A lesson in five incidents
One municipality, in its response to me, said that these records didn't have any real public interest, and POST's misguided choice to not publicize them was proof. As I sorted through the records I received, however, other stories of police conduct made their way through the media. It became a habit of mine to check on the records for the officers in hot water and see if it told us anything interesting. As always, people are innocent until proven guilty, but, for example:
- In Duxbury, Steven Amado was indicted on charges of falsifying a police report and witness intimidation. The Boston Globe, who I believe broke the story, describes Officer Amado as "a 24-year veteran of the force." Duxbury's POST records, in contrast (which, by the way, I had to appeal to the state to get), show an officer with 13 prior reported incidents, six of which were sustained. Prior to this year, there was no immediate way for the people of Duxbury or anyone who gets to visit their beaches to know that one officer makes up nearly half of the reported incidents in the town. I completely understand why the Duxbury chief wouldn't want this public, because that's a real condemnation of the department that kept letting this officer get away with it. But why wouldn't POST want people to know this?
- In Douglas, Officer Brett Fulone (who you may have seen on Good Morning America with the department K-9) was demoted following five sustained infractions in 2015 that include "Incompetence," "Truthfulness," and "Care and Security of Dept. Firearms," as well as a sustained 2017 incident labeled "Accidental Firearm Discharge." Officer Fulone currently serves as the Douglas School Resource Officer.
- The Massachusetts State Police had a headline-worthy drug bust recently. Trooper Gregory Valentine, the K-9 officer involved in the bust, has a host of use-of-force complaints. That at least makes me look at the press release a little differently. (Note: the State Police spreadsheets come from Andrew Quemere of The Mass Dump, which you should be reading.)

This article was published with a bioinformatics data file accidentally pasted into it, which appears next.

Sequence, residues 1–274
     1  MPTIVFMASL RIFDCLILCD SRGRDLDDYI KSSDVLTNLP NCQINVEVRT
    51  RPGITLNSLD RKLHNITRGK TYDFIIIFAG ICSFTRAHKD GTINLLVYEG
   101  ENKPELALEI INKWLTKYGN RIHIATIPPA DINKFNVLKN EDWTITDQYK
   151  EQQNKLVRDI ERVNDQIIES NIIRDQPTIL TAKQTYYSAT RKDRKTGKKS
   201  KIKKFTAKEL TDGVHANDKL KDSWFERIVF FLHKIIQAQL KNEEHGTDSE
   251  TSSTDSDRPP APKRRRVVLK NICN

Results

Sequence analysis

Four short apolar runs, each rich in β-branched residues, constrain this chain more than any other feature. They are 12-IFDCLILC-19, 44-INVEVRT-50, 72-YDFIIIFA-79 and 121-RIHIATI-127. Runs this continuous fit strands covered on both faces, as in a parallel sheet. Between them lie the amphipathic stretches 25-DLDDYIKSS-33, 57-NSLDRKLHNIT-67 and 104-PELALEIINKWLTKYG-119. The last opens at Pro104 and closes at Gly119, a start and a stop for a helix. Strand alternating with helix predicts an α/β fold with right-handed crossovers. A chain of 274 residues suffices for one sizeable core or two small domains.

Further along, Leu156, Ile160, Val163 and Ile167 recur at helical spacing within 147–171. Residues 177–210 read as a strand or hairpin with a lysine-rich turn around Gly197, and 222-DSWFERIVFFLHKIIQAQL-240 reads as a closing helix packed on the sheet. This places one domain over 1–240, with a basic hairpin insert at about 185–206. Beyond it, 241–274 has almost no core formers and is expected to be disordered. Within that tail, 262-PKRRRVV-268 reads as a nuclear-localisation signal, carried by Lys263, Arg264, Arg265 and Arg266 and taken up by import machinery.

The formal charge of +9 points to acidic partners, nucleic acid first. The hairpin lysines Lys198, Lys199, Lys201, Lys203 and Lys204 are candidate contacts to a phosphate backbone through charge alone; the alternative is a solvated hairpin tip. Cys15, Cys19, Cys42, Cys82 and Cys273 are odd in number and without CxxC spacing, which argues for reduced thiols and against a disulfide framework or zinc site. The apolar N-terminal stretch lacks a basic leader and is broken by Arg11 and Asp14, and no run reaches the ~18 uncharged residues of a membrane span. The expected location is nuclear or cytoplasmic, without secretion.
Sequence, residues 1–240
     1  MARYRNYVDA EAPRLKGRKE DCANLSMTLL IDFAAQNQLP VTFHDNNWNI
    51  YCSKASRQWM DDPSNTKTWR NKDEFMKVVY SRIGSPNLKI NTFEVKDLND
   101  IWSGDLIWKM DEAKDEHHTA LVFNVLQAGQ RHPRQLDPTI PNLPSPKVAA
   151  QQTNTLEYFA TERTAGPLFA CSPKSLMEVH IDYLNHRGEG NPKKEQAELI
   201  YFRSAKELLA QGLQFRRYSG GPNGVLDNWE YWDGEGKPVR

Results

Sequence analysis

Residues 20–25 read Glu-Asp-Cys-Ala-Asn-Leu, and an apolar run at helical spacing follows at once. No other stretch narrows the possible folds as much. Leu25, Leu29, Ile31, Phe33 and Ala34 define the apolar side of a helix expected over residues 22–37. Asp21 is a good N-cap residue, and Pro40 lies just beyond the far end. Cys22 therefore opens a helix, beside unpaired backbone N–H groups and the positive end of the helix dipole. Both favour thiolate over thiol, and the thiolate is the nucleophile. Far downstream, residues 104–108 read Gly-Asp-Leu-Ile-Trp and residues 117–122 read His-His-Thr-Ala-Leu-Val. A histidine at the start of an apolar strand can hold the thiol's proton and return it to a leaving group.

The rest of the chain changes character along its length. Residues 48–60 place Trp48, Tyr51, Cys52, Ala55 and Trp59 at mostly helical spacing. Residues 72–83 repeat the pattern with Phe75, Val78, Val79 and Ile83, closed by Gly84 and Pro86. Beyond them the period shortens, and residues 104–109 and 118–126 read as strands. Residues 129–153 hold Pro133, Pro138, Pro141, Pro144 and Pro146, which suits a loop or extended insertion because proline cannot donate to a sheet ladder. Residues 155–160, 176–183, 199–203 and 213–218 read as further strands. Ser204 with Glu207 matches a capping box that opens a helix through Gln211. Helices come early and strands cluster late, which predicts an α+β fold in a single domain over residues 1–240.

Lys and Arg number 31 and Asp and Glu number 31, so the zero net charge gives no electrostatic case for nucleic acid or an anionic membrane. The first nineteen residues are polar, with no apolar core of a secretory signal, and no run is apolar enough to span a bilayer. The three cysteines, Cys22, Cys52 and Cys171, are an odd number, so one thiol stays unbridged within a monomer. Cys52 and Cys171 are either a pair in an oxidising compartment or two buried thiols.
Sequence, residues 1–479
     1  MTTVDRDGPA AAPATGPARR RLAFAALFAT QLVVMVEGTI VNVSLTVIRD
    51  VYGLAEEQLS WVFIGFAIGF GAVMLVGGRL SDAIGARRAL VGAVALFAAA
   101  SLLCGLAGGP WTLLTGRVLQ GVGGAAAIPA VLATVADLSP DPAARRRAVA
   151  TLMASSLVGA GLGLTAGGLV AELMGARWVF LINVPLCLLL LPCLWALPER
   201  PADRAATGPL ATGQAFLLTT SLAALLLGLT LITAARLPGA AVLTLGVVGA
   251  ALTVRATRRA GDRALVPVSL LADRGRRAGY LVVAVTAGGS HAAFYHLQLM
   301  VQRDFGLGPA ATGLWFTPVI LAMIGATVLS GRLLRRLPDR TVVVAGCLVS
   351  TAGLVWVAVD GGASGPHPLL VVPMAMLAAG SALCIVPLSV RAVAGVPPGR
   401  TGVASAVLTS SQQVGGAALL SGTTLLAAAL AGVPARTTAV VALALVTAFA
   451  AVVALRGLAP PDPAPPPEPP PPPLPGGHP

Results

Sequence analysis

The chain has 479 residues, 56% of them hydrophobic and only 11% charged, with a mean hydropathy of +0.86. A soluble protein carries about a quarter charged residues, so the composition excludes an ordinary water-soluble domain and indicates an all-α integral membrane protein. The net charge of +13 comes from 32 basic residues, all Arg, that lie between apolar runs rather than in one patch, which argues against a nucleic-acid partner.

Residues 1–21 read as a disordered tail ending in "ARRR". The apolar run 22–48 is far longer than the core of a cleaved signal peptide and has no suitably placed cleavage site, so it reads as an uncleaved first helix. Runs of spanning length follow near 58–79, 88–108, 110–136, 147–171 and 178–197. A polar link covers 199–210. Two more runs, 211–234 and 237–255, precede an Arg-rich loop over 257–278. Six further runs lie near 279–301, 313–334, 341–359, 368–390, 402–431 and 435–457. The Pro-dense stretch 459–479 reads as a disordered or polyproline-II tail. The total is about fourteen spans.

- In Lawrence, Captain Michael Mangan was placed on administrative leave following a use-of-force incident allegedly caught on camera. Lawrence's POST records tell a story of a captain who was accused of excessive force ten years prior (and said incident was not sustained) in a department rife with disciplinary problems.
- It works in the other direction, too. Dighton Chief of Police Shawn Cronin was indicted by the Securities and Exchanges Commission this week on allegations of securities and tender offer fraud. Not only was Chief Cronin good-natured and friendly in my interactions with him in getting Dighton's record, but his record was spotless, too. Wouldn't have seen that coming, but now I wish I asked for stock tips.
These are just the stories I found. Imagine what else people who know about circumstances in their own hometowns might find. This database would have provided the public with unprecedented ability to connect dots previously unavailable to them, and the POST Commission decided to say "nah."
As of the time of this writing, I'm looking at approximately 100 appeals in flight. I do plan to eventually turn this into a workable database with annual updates, but that is a longer-term process (unless someone with business intelligence acumen wants to give some time to this project...). As it stands, though, the firehose of content is available to the public for all to review, and I am looking forward to seeing what other information can be gleaned from the data.
Jeff Raymond is a former columnist for the Millbury-Sutton Chronicle and Founding Editor of The Bramanville Tribune. He can be reached at email@example.com or on Twitter at @jeffinmillbury